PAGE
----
Profound Tips for feeling Grounded

Hi!

Today, I'm sharing some of the simple yet profound resources I use myself to feel GROUNDED.

1. The single most helpful method I use to feel grounded is my daily meditation practice, which I started about 3 years ago to cope with my anxiety after the train crash. I know what you're probably thinking: "I have no ability to focus and sit still right now and don't want to learn anything new." But hear me out. There are SO MANY ways to meditate that you can find a way that meets you where you are today, even if you can't sit still, have no patience, etc. Here are some examples:


  • Walking meditation by Jack Kornfield: https://jackkornfield.com/wp-content/uploads/2015/07/Walking-Meditation.mp3

  • Hundreds (maybe thousands!) of guided meditations on the Insight Timer App, with different themes, types of music, etc. Check it out for 5 minutes! I also like this App because it is so easy to use and it keeps track of my progress, which helps me stay on track with my practice. And, it shows how many people in the world are meditating at the same time, which makes me feel supported and part of a larger community. And I can pick my own gong sound!

  • The simplest, most profound meditation and the only one I have ever stuck with over time, is Neelakantha Meditation taught to me by Elizabeth Doberneck, who is as close to a buddha incarnate as anyone I've ever met. This is the meditation practice I use daily for reducing anxiety, grounding, focus, and insight. Elizabeth explains the essence of this meditation practice here (just listening to her voice is SOOO soothing!). For more in-depth information, you can contact Elizabeth at EDoberneck@gmail.com or call/text 646-489-7873 and read about the practice here: https://shreeyoga.com/meditation/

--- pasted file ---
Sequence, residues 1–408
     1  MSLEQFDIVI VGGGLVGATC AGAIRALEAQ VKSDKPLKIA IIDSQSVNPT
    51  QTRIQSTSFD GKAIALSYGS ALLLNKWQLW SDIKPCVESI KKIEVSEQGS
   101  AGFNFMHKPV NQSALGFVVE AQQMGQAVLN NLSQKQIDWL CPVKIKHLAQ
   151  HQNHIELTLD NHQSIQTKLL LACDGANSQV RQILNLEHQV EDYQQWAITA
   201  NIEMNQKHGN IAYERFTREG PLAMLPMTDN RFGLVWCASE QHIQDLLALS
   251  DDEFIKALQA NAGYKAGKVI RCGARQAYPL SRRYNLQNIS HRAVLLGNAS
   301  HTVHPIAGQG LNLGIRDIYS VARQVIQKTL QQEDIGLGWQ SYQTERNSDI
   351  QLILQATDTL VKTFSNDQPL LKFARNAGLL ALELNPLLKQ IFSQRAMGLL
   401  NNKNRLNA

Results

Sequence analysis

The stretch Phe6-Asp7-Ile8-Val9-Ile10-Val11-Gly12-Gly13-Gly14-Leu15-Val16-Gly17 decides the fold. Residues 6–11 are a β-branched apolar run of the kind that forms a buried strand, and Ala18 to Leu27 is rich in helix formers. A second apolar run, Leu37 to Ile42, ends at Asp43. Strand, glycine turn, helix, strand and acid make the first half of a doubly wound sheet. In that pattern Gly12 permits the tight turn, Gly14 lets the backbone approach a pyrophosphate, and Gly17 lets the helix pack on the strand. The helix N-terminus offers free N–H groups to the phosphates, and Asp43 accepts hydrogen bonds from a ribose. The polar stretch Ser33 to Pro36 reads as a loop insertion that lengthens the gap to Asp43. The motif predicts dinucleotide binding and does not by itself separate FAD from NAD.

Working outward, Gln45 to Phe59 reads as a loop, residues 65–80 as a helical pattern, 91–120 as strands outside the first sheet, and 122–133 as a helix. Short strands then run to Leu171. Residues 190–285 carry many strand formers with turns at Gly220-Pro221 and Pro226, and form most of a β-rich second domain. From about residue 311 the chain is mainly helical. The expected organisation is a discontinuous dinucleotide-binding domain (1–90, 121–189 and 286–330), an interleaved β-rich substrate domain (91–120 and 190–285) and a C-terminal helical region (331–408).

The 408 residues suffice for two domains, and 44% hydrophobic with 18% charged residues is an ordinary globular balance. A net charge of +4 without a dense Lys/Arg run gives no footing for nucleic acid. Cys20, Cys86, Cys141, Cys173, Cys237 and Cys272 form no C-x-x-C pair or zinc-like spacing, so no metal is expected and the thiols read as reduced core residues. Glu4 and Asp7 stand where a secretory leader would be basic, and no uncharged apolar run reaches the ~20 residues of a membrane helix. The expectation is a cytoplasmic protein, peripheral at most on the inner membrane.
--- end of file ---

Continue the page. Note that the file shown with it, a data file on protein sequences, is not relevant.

2. There are also many simple breathing practices that are inherently grounding, such as square (or box) breathing (see https://www.verywellmind.com/the-benefits-and-steps-of-box-breathing-4159900) or Pranayama breathing from the yoga traditions. I also love the Calming Breath practice I learned from Dorene Krause, my T'ai Chi Chih teacher, who graciously recorded this video tutorial demonstrating how to do it (along with the first T'ai Chi Chi movement, Rocking Motion, which is also grounding). For more information, you can email Dorene at Dorenekr@hotmail.com. I'm also attaching a cheat sheet!

Calming Breathpdf



3. For me, it also feels grounding to maintain a schedule and daily goals. I've been a goal-oriented person my entire life, and it feels downright disorienting to sleep and wake up whenever, eat whenever, DO whatever, whenever! I feel much more grounded when I make (and follow!) a daily plan for when to wake up, shower, meditate and do self-care, work, cook and eat meals, check in on family, get ready for bed, etc. - and I even plan time to think up activities to break up the monotony and how to support others (yes, I plan time to plan!). If you're a planner, give this a try and see if it feels more grounding for you.


Tomorrow I'll be sharing tips and resources for feeling HOPEFUL (no matter what's happening in the world or on the news). As a reminder, I will never recommend anything I don't use, and I'm not getting any kickbacks or anything when I mention other practitioners or products. I'm just trying to share what helps me so it might help you, too.


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Stay safe and healthy!  Sending love and support …

Elena Kindler

Certified Havening Techniques® Practitioner

Metamorphosis Havening LLC

www.metamorphosishavening.com

Elena@MetamorphosisHavening.com

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